Antwerp Central

Peter Krüger

Belgium, 2011, 93 mins

Antwerp Central takes the viewer on a journey through the physical and mental space of Antwerp’s railway cathedral, from its construction to the present day. Drawing inspiration from the book Austerlitz by W.G. Sebald, screenwriter/director Peter Krüger approaches Antwerp Central Railway Station as a magical realistic location where past and present, history and daily life, fiction and reality are in constant flux. Antwerp Central is a film in which visual observations occasion historical, humoristic and poetic reflections on Antwerp’s railway cathedral.

The documentary Antwerp Central seems a crude description of the physical building its title refers to. It not only deals with the building itself but also with its surroundings, its history, its functioning, and its meaning. Guiding us through all this is an anonymous Traveller, performed by Flemish actor Johan Leysen.
He seems to function both as a bewildered visitor looking around in awe and as an omniscient narrator/God (“It had clearly been the intention…”), leading us through the stories, introducing us to experts, and sharing his philosophical contemplations. In the end however he seems most like one of the dead characters in The Sixth Sense or A Beautiful Mind: he doesn’t really communicate with the people he introduces, there’s no dialogue. We see him, but nobody else does. Documentaries are often inductive in character: the specific presented is related or refers to something more general. It can address the dilemma between the complexity of local, everyday phenomena and an explanation that surpasses the mere materiality of it. Viewing Antwerp Central also made me think of the concept of excess: that which is beyond the narrative of a film.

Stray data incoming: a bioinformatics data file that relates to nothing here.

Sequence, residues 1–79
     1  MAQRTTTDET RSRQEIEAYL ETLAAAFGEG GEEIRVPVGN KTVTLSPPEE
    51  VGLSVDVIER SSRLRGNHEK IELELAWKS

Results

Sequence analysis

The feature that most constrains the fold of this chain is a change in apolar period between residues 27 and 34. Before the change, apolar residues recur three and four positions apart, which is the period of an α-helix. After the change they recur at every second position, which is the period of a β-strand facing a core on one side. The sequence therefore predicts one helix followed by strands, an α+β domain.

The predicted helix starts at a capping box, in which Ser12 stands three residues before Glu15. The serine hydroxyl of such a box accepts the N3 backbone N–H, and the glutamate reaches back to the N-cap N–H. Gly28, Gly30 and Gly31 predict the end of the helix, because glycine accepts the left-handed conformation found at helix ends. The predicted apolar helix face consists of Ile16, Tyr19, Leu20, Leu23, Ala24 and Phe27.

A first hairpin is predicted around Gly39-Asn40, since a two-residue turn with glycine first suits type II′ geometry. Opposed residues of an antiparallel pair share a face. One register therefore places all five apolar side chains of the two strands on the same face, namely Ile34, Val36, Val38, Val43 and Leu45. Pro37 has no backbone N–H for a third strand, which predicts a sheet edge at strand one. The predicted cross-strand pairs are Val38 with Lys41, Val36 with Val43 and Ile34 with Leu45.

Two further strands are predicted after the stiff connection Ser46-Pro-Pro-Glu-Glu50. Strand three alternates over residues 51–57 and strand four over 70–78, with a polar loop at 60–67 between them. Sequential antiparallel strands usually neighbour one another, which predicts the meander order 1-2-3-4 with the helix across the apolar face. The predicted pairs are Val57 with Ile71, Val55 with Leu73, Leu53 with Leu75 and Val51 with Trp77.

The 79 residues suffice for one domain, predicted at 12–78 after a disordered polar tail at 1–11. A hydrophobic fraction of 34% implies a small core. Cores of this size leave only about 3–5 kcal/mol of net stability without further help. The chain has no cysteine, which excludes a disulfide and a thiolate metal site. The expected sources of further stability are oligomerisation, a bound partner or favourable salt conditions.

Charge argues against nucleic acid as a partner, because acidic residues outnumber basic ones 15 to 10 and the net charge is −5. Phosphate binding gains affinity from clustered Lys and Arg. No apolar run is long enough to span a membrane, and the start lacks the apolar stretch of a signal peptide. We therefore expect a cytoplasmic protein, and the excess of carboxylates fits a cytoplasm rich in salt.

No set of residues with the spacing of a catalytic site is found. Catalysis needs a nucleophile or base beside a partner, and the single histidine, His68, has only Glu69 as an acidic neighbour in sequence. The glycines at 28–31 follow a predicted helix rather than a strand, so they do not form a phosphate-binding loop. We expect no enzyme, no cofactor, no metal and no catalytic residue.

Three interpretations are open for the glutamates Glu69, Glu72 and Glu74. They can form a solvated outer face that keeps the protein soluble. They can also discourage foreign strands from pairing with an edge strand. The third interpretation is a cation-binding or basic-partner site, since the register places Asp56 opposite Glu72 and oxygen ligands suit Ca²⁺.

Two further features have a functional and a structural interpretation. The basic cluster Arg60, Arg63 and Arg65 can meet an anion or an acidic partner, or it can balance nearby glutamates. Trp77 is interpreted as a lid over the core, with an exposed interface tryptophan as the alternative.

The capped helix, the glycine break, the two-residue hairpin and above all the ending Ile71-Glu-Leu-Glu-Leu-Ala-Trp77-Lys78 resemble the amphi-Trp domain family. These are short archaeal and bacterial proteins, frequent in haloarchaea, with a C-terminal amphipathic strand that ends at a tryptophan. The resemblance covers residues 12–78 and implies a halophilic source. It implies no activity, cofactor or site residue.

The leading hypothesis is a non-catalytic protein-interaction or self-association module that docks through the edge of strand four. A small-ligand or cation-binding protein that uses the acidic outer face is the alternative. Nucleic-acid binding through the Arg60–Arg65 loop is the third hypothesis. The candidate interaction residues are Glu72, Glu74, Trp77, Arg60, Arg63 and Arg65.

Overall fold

Johan Leysen

According to documentary theoretician Bill Nichols, excess in documentary “is that which stands beyond the reach of both narrative and exposition.”1 It is not part of the narrative and it is not part of an explanation or argument either. According to Nichols, the name of excess is history, as history always stands outside of a text. It’s larger and more complex than any text can encompass. A text is merely a way for us to make history accessible. Nichols mentions four explicit sources of excess: the exotic, the local, the sacramental, and the complex. Antwerp Central offers ample opportunity to discuss excess in all of these areas.

«contemplating time as the most artificial human invention»

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